Meet Trudy Harrison: Copeland’s new MP

On February 23, Trudy Harrison’s by-election success made history as she became Copeland’s first Conservative MP in over 80 years. Sarah Sinclair caught up with her to discuss her first few weeks in parliament and her vision for West Cumbria.

 It has been a whirlwind few weeks for Copeland’s new MP, Trudy Harrison, as she adjusts to her new role, representing the people of West Cumbria and finds her feet in the Houses of Parliament. Her office is situated in one of the furthest perimeters of the parliamentary site, and when the division bell goes she has just eight minutes to run to chamber, usually getting lost en route. This aside, it is apparently a very friendly place, where her peers have been “incredibly friendly and supportive.”

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Trudy may be new to the House of Commons, but she is no stranger to political and community activism. Her involvement with politics has spiralled impressively since she moved to Bootle from Whitehaven in 2002. She initially joined the PTA at her eldest daughter’s school to help increase funding; from there she became a school governor and learnt that the village was in decline, having lost 20 businesses in 20 years. As a member of the Parish council, Trudy and others formed a community action plan in a bid to increase the population, change the demographic and breathe new life into the village for future generations.

In 2010 her efforts got her a job as Regeneration Officer for Copeland Borough Council, where she managed to secure the Lake District National Park’s biggest consent, to turn the desolated former MoD camp Wellbank into an exemplar sustainable development. The project will provide 50 homes, a hotel with conferencing facilities and an enterprise area with construction starting this year. Now, Trudy believes, is the time to make the most of what Copeland as a whole has to offer.

She said: “The reason I decided to stand was because I think it is an unprecedented opportunity for our area to capitalise on Moorside. Having lived in Copeland all my life and bringing up my four teenage daughters here, I just feel that now is the time to make the most of what is coming our way, to ensure we leave a transformational legacy.”

Making the most of Moorside is a theme that featured heavily in Trudy’s by-election campaign. She has pledged to ensure that the area delivers on the nuclear new build and offers opportunities for our younger generations by providing degree level apprenticeships. As with many of the candidates, Trudy promised to fight for the West Cumberland Infirmary and she has already began work on a promotional campaign and has met with health bosses.

She said: “I’m speaking with other hospitals to see how they’ve gone about recruitment in a more innovative way and where it has worked, learning from those lessons and implementing them in West Cumbria.”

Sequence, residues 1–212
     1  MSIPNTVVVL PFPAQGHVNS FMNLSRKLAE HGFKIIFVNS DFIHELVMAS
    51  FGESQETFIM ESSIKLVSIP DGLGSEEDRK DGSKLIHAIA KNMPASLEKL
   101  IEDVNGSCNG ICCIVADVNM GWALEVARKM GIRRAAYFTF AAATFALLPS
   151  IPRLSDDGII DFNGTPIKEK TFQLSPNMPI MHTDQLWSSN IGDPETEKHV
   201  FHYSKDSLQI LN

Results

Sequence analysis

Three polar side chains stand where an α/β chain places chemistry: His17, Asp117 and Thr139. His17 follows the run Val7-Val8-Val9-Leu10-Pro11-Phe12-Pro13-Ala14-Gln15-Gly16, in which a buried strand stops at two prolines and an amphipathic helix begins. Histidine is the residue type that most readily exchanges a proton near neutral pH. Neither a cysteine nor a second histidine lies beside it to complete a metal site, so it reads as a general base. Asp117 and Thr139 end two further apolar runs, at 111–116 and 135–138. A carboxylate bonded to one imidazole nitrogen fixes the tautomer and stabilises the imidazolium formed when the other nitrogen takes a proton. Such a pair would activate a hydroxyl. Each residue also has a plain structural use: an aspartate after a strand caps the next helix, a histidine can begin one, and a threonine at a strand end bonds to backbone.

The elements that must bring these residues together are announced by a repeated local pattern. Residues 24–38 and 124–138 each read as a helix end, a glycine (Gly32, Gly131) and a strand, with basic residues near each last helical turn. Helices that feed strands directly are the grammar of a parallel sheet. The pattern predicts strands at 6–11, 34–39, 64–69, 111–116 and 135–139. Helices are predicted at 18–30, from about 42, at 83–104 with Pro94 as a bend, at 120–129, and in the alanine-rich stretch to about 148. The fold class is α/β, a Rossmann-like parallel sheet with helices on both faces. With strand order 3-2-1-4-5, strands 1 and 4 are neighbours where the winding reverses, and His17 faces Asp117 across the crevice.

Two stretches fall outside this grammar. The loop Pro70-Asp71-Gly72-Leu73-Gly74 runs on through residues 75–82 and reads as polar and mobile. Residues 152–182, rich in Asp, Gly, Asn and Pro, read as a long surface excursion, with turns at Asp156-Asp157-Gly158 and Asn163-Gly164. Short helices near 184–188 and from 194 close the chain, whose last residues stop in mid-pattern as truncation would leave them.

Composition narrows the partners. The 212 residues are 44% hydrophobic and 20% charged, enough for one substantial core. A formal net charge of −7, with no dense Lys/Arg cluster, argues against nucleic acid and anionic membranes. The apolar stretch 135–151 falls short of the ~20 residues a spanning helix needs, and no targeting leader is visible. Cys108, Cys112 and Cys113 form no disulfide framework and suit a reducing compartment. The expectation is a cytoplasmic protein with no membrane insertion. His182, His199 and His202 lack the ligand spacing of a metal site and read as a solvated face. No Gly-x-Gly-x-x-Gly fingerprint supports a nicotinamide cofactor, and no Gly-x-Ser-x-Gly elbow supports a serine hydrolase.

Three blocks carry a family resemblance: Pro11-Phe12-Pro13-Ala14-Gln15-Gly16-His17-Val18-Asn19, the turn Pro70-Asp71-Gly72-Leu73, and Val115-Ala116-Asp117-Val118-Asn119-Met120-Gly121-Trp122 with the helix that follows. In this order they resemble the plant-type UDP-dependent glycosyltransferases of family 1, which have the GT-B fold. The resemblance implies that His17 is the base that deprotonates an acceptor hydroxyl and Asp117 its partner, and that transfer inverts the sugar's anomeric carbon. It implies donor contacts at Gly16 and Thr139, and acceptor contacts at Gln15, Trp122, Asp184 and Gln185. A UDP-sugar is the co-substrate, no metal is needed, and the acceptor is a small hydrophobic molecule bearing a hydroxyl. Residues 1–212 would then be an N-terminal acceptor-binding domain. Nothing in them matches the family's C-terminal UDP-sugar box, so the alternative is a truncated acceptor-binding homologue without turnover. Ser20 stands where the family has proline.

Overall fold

Trudy voted to Leave the EU in the Referendum last year and will be making sure our area makes the most of the opportunities this offers. She is setting up a business forum to help her understand the needs and concerns of local businesses and ensure their views are heard in parliament, as well as making sure local people have the most up to date information as we reach the next stage of Brexit negotiations.

Trudy added: “I know that people are concerned about foreign nationals living in our constituency and if they will be able to do that and I will certainly be making sure that we send the message out that they are most welcome.”

She continued: “Living in a little village, we felt we were never anybody’s political priority ten years ago, so who’d of believed that we would welcome the prime minister last month. I think it’s testament that, dare to dream, small villages can be in control of their own destiny and towns can to. I want to enable people in the constituency to realise the full potential of where they live.”

 Trudy’s promises:

  • Protecting local jobs and industry: Ensuring our whole local economy benefits from the Moorside plans.
  • Making the most of Moorside: To bring funding to maintain and improve local services like the NHS. A new nuclear plant means more jobs, with more people bringing home a pay packet every week.
  • Skills training & apprenticeships for more local people: Since 2010 thousands of young people locally have started an apprenticeship, and I know my daughter wants to start one too.
  • Improving rural broadband: I know that we need better broadband across Copeland and rural Cumbria.
  • Making a success of Brexit for Cumbria: This by-election is our chance to send a message that the EU referendum result must be respected, and to back Theresa May’s plan to deliver what local people voted for.
  • Flood Prevention, infrastructure, & better public transport: Our communities need better roads and better infrastructure.

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